• CruiseReady profile image

      CruiseReady 

      6 years ago from East Central Florida

      Oh, here I learned something new today.

      There are so many Jewish holidays and customs that seem strange to me, until they are explained, and then they make such good sense! Here is one more

    working

    This website uses cookies

    As a user in the EEA, your approval is needed on a few things. To provide a better website experience, hubpages.com uses cookies (and other similar technologies) and may collect, process, and share personal data. Please choose which areas of our service you consent to our doing so.

    For more information on managing or withdrawing consents and how we handle data, visit our Privacy Policy at: https://hubpages.com/privacy-policy#gdpr

    Show Details
    Necessary
    HubPages Device IDThis is used to identify particular browsers or devices when the access the service, and is used for security reasons.
    LoginThis is necessary to sign in to the HubPages Service.
    Google RecaptchaThis is used to prevent bots and spam. (Privacy Policy)
    AkismetThis is used to detect comment spam. (Privacy Policy)
    HubPages Google AnalyticsThis is used to provide data on traffic to our website, all personally identifyable data is anonymized. (Privacy Policy)
    HubPages Traffic PixelThis is used to collect data on traffic to articles and other pages on our site. Unless you are signed in to a HubPages account, all personally identifiable information is anonymized.
    Amazon Web ServicesThis is a cloud services platform that we used to host our service. (Privacy Policy)
    CloudflareThis is a cloud CDN service that we use to efficiently deliver files required for our service to operate such as javascript, cascading style sheets, images, and videos. (Privacy Policy)
    Google Hosted LibrariesJavascript software libraries such as jQuery are loaded at endpoints on the googleapis.com or gstatic.com domains, for performance and efficiency reasons. (Privacy Policy)
    Features
    Google Custom SearchThis is feature allows you to search the site. (Privacy Policy)
    Google MapsSome articles have Google Maps embedded in them. (Privacy Policy)
    Google ChartsThis is used to display charts and graphs on articles and the author center. (Privacy Policy)
    Google AdSense Host APIThis service allows you to sign up for or associate a Google AdSense account with HubPages, so that you can earn money from ads on your articles. No data is shared unless you engage with this feature. (Privacy Policy)
    Google YouTubeSome articles have YouTube videos embedded in them. (Privacy Policy)
    VimeoSome articles have Vimeo videos embedded in them. (Privacy Policy)
    PaypalThis is used for a registered author who enrolls in the HubPages Earnings program and requests to be paid via PayPal. No data is shared with Paypal unless you engage with this feature. (Privacy Policy)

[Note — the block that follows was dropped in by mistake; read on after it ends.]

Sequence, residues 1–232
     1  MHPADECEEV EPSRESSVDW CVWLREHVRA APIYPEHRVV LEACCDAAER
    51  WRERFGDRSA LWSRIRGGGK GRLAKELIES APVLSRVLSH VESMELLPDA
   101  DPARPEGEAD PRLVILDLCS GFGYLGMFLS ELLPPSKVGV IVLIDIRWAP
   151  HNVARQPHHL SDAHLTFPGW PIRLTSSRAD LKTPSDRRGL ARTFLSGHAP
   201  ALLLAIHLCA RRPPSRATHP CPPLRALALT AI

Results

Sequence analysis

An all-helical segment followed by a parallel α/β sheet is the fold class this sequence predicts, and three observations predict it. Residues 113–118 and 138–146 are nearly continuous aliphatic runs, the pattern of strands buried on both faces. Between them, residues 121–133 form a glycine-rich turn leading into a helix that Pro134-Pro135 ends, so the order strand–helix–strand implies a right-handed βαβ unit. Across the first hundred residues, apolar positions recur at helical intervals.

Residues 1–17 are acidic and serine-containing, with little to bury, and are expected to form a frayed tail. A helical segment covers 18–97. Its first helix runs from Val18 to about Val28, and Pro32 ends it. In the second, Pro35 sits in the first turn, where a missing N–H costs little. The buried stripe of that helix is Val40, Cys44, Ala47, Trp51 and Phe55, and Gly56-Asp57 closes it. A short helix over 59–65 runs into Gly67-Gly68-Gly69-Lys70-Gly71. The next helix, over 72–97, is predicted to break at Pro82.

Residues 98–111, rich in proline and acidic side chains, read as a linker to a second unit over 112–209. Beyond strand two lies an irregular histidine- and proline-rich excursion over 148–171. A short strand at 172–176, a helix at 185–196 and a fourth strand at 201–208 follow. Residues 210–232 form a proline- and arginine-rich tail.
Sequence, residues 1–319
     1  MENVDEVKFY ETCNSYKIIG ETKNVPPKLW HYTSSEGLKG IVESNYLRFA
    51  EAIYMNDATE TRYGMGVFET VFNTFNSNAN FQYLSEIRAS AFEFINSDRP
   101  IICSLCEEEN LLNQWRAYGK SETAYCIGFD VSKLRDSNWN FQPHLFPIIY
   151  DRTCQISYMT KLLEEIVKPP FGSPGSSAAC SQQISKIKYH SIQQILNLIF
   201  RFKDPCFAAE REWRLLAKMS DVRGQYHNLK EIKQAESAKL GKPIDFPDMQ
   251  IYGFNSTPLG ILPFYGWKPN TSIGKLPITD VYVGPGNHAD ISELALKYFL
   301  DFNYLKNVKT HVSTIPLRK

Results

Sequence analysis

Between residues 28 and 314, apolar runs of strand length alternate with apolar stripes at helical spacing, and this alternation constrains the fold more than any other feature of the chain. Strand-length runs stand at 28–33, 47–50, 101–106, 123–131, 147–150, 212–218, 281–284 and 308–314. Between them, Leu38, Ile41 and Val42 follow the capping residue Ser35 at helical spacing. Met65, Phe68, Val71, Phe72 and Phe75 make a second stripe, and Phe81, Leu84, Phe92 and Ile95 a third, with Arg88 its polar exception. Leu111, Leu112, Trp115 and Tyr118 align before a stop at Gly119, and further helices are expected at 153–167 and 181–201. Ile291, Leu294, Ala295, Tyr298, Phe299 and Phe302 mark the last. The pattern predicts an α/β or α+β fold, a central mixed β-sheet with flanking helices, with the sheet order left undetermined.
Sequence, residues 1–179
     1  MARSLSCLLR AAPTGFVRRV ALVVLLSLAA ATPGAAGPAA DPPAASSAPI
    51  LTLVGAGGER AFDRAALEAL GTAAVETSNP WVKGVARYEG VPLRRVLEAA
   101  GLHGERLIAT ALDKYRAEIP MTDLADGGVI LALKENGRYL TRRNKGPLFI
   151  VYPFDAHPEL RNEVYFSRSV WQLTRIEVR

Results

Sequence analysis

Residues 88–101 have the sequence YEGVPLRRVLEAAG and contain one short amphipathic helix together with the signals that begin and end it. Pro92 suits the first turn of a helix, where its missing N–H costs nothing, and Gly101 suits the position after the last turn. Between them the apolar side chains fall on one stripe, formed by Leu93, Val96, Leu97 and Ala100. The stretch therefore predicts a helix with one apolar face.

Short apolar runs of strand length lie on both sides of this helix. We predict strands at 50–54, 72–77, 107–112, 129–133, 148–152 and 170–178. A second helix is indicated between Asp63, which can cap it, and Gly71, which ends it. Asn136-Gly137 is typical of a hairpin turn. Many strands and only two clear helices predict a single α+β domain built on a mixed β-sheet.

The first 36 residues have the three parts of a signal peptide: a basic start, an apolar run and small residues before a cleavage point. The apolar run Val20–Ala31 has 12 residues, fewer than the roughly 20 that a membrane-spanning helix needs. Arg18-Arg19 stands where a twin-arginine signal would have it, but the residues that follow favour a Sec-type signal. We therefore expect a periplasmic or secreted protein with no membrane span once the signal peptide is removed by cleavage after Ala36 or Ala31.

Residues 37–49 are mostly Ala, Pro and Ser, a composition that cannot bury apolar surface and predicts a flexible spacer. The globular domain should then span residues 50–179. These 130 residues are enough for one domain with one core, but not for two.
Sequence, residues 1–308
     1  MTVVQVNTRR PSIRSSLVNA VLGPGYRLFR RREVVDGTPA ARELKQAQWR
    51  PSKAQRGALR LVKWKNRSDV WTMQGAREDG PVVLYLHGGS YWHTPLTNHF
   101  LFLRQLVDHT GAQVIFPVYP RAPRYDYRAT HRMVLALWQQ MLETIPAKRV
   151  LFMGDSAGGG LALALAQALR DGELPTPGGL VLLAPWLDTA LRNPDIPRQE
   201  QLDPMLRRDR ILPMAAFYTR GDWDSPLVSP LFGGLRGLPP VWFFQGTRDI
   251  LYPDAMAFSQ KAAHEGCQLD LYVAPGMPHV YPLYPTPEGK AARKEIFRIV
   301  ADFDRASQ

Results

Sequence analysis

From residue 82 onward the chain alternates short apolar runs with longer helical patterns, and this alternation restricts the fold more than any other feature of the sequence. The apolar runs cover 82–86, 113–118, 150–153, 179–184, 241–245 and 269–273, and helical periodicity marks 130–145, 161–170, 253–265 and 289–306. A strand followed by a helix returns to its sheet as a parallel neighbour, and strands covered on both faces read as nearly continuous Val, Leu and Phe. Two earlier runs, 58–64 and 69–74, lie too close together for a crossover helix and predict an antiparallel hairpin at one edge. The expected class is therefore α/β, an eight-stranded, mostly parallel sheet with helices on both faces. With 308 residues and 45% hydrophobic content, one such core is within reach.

Facebook LoginYou can use this to streamline signing up for, or signing in to your Hubpages account. No data is shared with Facebook unless you engage with this feature. (Privacy Policy)
    MavenThis supports the Maven widget and search functionality. (Privacy Policy)
    Marketing
    Google AdSenseThis is an ad network. (Privacy Policy)
    Google DoubleClickGoogle provides ad serving technology and runs an ad network. (Privacy Policy)
    Index ExchangeThis is an ad network. (Privacy Policy)
    SovrnThis is an ad network. (Privacy Policy)
    Facebook AdsThis is an ad network. (Privacy Policy)
    Amazon Unified Ad MarketplaceThis is an ad network. (Privacy Policy)
    AppNexusThis is an ad network. (Privacy Policy)
    OpenxThis is an ad network. (Privacy Policy)
    Rubicon ProjectThis is an ad network. (Privacy Policy)
    TripleLiftThis is an ad network. (Privacy Policy)
    Say MediaWe partner with Say Media to deliver ad campaigns on our sites. (Privacy Policy)
    Remarketing PixelsWe may use remarketing pixels from advertising networks such as Google AdWords, Bing Ads, and Facebook in order to advertise the HubPages Service to people that have visited our sites.
    Conversion Tracking PixelsWe may use conversion tracking pixels from advertising networks such as Google AdWords, Bing Ads, and Facebook in order to identify when an advertisement has successfully resulted in the desired action, such as signing up for the HubPages Service or publishing an article on the HubPages Service.
    Statistics
    Author Google AnalyticsThis is used to provide traffic data and reports to the authors of articles on the HubPages Service. (Privacy Policy)
    ComscoreComScore is a media measurement and analytics company providing marketing data and analytics to enterprises, media and advertising agencies, and publishers. Non-consent will result in ComScore only processing obfuscated personal data. (Privacy Policy)
    Amazon Tracking PixelSome articles display amazon products as part of the Amazon Affiliate program, this pixel provides traffic statistics for those products (Privacy Policy)